# Chapter 2: A lumped model

## The problem

The following example is what I consider the first step to understand how HBV.IANIGLA works. As a first approach, I propose you to fit the streamflow discharge in a synthetic lumped catchment case (in my opinion this the most simple hydrological modeling case). The objectives of this excersice are:

• to introduce the building-up of the model.
• to get a first approach to parameter calibration.
• to fit the streamflow discharge in a perfect match case (this does not occur in real world hydrology).
• to make a sensitivity analysis.

## Data

Initially, we load the dataset containing all the necessary information to run the model: air temperature, precipitation, potential evapotranspiration and the outflow of our synthetic catchment:

library(HBV.IANIGLA)

data("lumped_hbv")

#>         Date T(ºC) P(mm/d) PET(mm/d) qout(mm/d)
#> 1 2000-12-16 12.72       0      0.00       0.00
#> 2 2000-12-17 15.23       0     20.00       0.63
#> 3 2000-12-18 15.31       0     19.99       0.74
#> 4 2000-12-19 12.82       0     19.99       0.63
#> 5 2000-12-20 10.45       0     19.98       0.53
#> 6 2000-12-21 11.05       0     19.96       0.43
summary(lumped_hbv)
#>       Date                T(ºC)             P(mm/d)         PET(mm/d)
#>  Min.   :2000-12-16   Min.   :-17.0300   Min.   : 0.000   Min.   : 0.000
#>  1st Qu.:2004-08-04   1st Qu.:  0.0025   1st Qu.: 0.000   1st Qu.: 2.960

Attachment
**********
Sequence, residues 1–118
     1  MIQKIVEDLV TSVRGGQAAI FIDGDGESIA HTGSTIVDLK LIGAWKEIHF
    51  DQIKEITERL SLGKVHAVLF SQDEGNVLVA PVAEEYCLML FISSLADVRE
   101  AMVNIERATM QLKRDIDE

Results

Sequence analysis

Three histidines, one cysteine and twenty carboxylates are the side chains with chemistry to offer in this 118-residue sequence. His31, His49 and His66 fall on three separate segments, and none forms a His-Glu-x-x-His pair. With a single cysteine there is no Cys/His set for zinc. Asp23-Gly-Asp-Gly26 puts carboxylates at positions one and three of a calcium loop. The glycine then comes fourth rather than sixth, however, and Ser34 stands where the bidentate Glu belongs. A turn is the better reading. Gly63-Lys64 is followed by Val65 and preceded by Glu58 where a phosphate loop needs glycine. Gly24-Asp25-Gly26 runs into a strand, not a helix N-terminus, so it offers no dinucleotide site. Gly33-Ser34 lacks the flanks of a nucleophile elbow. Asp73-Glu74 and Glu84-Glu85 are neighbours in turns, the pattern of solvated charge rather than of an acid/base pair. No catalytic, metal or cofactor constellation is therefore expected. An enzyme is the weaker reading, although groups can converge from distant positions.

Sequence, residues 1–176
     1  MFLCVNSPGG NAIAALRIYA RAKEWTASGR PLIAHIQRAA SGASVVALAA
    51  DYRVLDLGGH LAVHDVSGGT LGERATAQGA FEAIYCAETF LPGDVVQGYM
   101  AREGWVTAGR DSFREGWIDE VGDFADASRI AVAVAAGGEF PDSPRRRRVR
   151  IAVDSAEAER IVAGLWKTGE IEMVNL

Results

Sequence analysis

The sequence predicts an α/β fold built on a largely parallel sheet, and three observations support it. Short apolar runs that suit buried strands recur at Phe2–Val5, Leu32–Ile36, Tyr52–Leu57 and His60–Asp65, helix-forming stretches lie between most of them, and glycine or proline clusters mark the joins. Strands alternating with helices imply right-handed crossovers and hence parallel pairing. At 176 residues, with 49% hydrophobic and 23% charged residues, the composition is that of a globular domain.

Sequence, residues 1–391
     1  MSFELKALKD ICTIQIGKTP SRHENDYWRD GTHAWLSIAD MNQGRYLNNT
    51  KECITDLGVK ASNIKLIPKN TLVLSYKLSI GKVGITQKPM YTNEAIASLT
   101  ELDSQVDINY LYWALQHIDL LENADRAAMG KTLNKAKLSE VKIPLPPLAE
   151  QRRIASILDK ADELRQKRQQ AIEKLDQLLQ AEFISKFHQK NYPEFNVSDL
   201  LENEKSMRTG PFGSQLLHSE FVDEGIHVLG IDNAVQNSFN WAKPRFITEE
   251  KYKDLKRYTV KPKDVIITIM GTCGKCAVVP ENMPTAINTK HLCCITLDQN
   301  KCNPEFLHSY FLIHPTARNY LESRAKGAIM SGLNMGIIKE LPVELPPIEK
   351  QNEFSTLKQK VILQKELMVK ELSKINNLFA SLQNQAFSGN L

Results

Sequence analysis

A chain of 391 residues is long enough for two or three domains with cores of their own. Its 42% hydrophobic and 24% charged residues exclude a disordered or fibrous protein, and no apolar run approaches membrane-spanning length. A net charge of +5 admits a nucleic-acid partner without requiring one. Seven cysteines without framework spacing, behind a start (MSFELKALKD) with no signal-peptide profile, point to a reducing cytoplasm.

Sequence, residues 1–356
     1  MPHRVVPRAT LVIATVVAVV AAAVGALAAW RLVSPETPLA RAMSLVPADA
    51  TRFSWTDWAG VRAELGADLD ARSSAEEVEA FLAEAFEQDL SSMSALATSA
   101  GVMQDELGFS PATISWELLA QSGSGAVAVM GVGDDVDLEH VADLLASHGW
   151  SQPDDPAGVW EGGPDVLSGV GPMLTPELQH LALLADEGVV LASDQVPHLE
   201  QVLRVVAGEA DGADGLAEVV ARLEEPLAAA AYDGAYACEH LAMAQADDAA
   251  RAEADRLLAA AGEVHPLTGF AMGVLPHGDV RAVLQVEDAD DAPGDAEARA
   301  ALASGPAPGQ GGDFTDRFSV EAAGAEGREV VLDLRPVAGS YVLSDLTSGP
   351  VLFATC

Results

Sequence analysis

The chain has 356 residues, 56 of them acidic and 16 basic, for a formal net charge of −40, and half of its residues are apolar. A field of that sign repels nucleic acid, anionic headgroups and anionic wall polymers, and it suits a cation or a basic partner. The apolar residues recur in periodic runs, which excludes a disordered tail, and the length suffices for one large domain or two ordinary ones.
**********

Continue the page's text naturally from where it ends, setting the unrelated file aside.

#>  Median :2008-03-23   Median :  5.8550   Median : 0.000   Median : 9.910
#>  Mean   :2008-03-23   Mean   :  5.0681   Mean   : 1.183   Mean   : 9.992
#>  3rd Qu.:2011-11-10   3rd Qu.: 10.6375   3rd Qu.: 0.000   3rd Qu.:17.040
#>  Max.   :2015-06-30   Max.   : 17.6600   Max.   :97.800   Max.   :20.000
#>    qout(mm/d)
#>  Min.   :0.000
#>  1st Qu.:0.040
#>  Median :0.050
#>  Mean   :0.409
#>  3rd Qu.:0.250
#>  Max.   :8.230

## Building the model

This case is about a catchment without glaciers. In the next lines I will help you to build-up the model line by line. Because is our first excersice, I will provide you with the correct initial conditions and parameters in all modules except for the Routing_HBV function.

Remember that hydrological models are generally build in a top down direction (from precipitation to streamflow routing - note that most hydrological books are structured in the same way).

# we first consider the SnowGlacier module to take into account